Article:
THE HAGUE, March 7 (Xinhua) -- Members of the Dutch ruling party VVD (Liberals) have expressed their annoyance in two newspapers on Tuesday about the campaign of party leader Mark Rutte with forthcoming Dutch elections drawing near.
Although the VVD heads the latest polls and might become the largest party again, the latest polls suggested that the liberals could lose at least 10 seats in House of Representatives compared to the last elections in 2012.
Five years ago the VVD became the largest party with 41 seats, but according to the latest poll by Peilingwijzer, which combines several polls, the VVD will secure 23 to 27 seats.
The right-wing populist Party for Freedom (PVV) has dropped in the polls in recent months and are on 21 to 25 seats now.
VVD members accused Rutte in De Telegraaf and Het Algemeen Dagblad of being unconvincing in the campaign, but also that the VVD campaign tactic failed.
"Plan A was not solid, but there is no Plan B," a VVD member of the parliament told Het Algemeen Dagblad. Plan A was a battle between the VVD and the PVV, with the VVD in the end hoping for strategic votes on the party by normally non-VVD voters to avoid the PVV becoming the largest party.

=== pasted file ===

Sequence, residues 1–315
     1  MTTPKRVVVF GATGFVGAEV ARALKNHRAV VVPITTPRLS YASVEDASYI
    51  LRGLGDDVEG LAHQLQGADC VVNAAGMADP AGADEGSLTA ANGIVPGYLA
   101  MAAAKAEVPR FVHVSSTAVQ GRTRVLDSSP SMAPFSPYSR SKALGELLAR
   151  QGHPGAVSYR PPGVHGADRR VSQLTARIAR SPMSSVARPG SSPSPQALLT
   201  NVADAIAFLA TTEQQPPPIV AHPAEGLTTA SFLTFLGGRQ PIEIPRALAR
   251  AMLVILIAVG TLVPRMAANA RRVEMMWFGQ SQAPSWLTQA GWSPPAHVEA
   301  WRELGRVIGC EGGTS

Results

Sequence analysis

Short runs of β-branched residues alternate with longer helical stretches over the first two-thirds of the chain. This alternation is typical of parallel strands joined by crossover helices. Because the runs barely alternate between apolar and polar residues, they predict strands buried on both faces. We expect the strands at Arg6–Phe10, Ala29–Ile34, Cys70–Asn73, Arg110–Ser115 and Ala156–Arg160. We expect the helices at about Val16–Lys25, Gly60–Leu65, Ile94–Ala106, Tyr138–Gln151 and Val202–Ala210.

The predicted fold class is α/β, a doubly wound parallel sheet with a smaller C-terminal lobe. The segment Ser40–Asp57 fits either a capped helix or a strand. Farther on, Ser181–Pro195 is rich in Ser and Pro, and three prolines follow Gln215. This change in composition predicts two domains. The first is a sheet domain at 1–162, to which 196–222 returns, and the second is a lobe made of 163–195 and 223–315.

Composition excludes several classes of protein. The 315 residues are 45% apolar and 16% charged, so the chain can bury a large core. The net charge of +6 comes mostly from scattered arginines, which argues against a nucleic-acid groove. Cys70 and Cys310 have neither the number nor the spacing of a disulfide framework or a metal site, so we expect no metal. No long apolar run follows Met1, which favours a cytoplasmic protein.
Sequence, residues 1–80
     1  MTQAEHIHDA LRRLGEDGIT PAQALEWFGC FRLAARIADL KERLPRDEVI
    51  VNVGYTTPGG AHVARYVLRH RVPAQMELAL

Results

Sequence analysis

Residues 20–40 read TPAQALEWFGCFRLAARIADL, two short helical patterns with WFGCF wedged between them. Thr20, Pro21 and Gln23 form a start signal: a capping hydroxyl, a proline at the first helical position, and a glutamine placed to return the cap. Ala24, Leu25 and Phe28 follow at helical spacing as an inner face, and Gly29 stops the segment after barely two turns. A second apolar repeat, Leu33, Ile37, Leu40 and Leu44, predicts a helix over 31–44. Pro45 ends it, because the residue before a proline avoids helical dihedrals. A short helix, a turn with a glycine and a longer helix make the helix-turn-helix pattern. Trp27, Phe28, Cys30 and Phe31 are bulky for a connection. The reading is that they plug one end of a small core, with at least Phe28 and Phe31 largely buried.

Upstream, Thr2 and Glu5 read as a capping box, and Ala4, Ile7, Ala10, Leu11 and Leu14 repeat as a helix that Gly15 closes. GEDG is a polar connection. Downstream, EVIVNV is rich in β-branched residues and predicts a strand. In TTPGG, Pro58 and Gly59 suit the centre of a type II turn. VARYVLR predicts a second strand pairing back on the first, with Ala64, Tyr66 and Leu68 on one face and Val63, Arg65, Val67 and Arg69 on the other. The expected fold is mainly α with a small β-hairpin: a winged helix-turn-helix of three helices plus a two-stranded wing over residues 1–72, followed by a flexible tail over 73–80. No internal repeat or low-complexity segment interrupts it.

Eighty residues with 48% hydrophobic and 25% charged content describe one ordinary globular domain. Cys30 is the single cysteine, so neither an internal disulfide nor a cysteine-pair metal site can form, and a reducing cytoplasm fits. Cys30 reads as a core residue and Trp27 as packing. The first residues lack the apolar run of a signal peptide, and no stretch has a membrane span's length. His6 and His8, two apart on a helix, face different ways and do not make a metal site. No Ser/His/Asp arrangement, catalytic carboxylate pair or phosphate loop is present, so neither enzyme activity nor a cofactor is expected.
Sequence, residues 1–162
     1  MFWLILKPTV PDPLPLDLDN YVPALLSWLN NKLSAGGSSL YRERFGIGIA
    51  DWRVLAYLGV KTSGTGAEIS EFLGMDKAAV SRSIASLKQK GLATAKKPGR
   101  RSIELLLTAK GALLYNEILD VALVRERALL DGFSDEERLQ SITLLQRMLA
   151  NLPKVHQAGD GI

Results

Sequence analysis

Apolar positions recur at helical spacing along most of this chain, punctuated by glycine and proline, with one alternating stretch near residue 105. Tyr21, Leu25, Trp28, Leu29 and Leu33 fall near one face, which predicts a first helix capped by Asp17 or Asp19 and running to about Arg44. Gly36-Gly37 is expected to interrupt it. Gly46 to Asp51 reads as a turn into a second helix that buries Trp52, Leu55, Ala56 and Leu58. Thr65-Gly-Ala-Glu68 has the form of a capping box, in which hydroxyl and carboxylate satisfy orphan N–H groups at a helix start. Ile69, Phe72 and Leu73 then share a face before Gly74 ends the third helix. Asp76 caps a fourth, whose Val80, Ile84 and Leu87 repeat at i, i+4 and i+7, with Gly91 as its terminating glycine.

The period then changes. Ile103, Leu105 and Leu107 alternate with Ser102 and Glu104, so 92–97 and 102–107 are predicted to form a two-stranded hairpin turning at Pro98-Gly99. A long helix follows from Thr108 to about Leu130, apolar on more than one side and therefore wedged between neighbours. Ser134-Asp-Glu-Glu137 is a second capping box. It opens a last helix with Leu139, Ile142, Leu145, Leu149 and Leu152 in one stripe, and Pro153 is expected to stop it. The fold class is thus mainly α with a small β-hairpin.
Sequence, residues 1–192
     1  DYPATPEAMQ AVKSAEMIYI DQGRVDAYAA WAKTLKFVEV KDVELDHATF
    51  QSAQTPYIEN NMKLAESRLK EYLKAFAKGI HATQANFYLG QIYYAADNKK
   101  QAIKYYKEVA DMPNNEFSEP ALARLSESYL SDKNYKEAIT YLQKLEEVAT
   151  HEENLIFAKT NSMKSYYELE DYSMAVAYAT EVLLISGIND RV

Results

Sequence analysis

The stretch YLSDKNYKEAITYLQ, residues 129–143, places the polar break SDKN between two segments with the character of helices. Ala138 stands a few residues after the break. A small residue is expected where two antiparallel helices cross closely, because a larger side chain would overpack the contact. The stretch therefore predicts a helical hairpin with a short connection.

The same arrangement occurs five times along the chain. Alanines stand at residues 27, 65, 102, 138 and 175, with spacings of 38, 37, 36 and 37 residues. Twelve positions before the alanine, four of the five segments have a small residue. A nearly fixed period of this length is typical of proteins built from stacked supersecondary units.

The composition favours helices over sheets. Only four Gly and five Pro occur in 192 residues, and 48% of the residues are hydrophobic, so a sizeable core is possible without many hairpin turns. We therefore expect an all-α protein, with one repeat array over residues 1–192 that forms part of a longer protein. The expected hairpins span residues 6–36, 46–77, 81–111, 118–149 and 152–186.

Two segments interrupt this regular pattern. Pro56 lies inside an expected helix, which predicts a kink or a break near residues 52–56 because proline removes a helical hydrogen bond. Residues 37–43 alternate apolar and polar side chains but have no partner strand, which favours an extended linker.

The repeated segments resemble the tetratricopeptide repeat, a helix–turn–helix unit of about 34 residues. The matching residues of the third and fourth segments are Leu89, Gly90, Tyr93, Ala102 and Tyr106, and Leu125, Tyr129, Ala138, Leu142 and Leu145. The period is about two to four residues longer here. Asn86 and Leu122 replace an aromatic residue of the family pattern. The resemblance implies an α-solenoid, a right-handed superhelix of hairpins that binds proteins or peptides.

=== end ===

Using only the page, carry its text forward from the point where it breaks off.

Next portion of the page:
"But the PVV will not govern at all," said former Christian Democrats CDA strategist Jack de Vries in De Telegraaf. "All parties have excluded Geert Wilders. So there is no reason to vote strategically for the VVD by non VVD voters to keep Wilders from becoming the Prime Minister."
"Actually, everyone at the VVD is dissatisfied with the campaign," a "VVD insider" told De Telegraaf. "Wilders makes no substantive point where we can argue against and does not come to debates. It's like shadow boxing. The person you want to fight, is not there."
"It doesn't look like Wilders will be as big as everyone thought, so this strategy does not look good," says another "prominent VVD member" in Het Algemeen Dagblad. An "experienced VVD campaigner" added: "Because a conflict with Wilders does not come off the ground, it becomes a three-men fight on the right wing with the CDA."
The Christian Democrats CDA have moved forward slightly in the latest polls and are the third party with 18 to 20 seats now according to Peilingwijzer. But the request of CDA leader Sybrand Buma to participate in the debate scheduled between Rutte and Wilders at the Erasmus University in Rotterdam next Monday was rejected.
Rutte also saw no reason to add Buma to the debate. The prime minister avoids confrontation with the CDA, because he still seems willing to continue with the two-party battle tactic with the PVV. On Monday, just two days ahead of the March 15 Dutch general election, he gets his chance to present himself in the first debate with Wilders in this election campaign.